Rollers. Rollers are a great timesaver when painting siding. A roller will apply lots of paint to then spread with your brush. A roller has two parts: a frame and a cover. Covers vary as to thickness and composition of the nap. Nylon covers are fine for exterior work. The nap will be specified on the package as short, medium, or long. Short nap, about 1/4-inch thick, is used to apply paint on smooth surfaces such as aluminum and wood siding. Medium nap covers are used for semi-rough surfaces, while long nap covers are used for rough surfaces such as stucco, concrete block, and brick. (Note that masonry does not need to be brushed in, just rolled.)
Good roller frames are threaded inside the end of the handle to accept an extension pole. Use roller pans that have ribbed bottoms to help the roller pick up paint more evenly. However for exterior painting jobs, a clean five-gallon bucket equipped with a metal roller screen can hold more paint and is less likely to be knocked over.

Ladders. The most important tip when working with ladders is this: Don't do anything
that makes you uncomfortable. Most exterior jobs require an extension ladder. If you don't like heights, don't try to paint your house alone. Always place both ladder feet on secure ground, and check that they are level.
Make sure that the sections of your extension ladder are moving correctly and that both the rope and pulley are in working order. Each extension ladder must be overlapped by at least three rungs. Have a helper assist in raising and lowering any ladder over 12 feet high. Be aware of utility wires overhead. If you climb onto a roof, make sure there are at least three rungs of the ladder extended over the eaves of the roof. Work with your hips between the side rails of the ladder. Do not overreach with your arms; instead, get down and reset the ladder.

Ensure the correct angle when placing a ladder. The ratio is one foot away from the wall for every four feet of elevation. Do not leave a ladder unattended as it can blow over.

Dangers of Lead in Paint. If your house is more than 20 years old, there may be lead paint on the walls and trim. The lead-infused dust and chips created by the paint removal is a health problem for adults and especially children. You may be best served by hiring a contractor to do the paint removal. Children and pregnant women must stay away from the work area for the duration of the project. Clean the room daily of chips and dust. Wear respirators and wash work clothes daily.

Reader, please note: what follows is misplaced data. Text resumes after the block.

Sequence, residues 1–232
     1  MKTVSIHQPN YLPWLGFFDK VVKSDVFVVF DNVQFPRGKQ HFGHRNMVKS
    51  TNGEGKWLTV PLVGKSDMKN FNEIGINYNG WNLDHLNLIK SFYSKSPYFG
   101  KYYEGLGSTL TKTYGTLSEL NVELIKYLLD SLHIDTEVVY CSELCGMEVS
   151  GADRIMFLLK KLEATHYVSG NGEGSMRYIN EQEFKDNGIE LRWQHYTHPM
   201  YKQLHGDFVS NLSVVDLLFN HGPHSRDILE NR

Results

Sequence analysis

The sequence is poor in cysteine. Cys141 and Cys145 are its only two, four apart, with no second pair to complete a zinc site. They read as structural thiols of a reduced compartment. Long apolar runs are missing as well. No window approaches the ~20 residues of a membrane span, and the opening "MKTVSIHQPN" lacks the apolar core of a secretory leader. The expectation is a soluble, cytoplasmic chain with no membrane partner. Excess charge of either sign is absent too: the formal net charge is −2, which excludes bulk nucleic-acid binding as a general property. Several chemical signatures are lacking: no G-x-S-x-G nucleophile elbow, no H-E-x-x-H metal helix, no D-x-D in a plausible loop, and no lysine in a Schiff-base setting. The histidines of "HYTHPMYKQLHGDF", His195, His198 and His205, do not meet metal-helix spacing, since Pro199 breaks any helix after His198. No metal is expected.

The quality of a paint job lies in the preparation. Inspect all areas where the paint is peeling or cracking. Is there structural or water damage? Is water migrating out from inside the house? Water is the main cause of many paint problems. Find out where the moisture is coming from and correct it. Suspect poor ventilation if the peeling is around a bathroom, kitchen, or laundry room. Look for damaged gutters and down spouts if paint is peeling along fascias and along the siding of a house. Replace rotted wood or chip away the damage (if not too extensive) and fill with epoxy.

Scraping. When all the surface problems are fixed it's time to remove any loose, cracking, or peeling paint. Scraping is the simplest, least toxic, and cheapest way to remove problem paint. While labor intensive, this is the way to go for most homeowners. Use a pull scraper and have a good supply of replacement blades. A sharp scraper will make life easier. When using a scraper, keep the blade flat on the surface and pull toward your body. Don't turn the blade or you'll create gashes in the wood. Wear gloves and eye protection as chips will fly.

Washing the House.

After removing problem paint, the surface must be cleaned before painting. Remove window and door screens and all exterior hardware such as house numbers, mailboxes, and so forth. To clean away mildew, dust, and dirt, use a solution of trisodium phosphate, a little household bleach (about a cup per gallon) and water. Spray the house with a garden hose, then scrub the surface with the cleaning solution. Start washing the house from the top and work your way down. When you're finished, rinse the house with a garden hose and wait a few days until the surfaces are dry. Wear rubber gloves and eye protection when cleaning.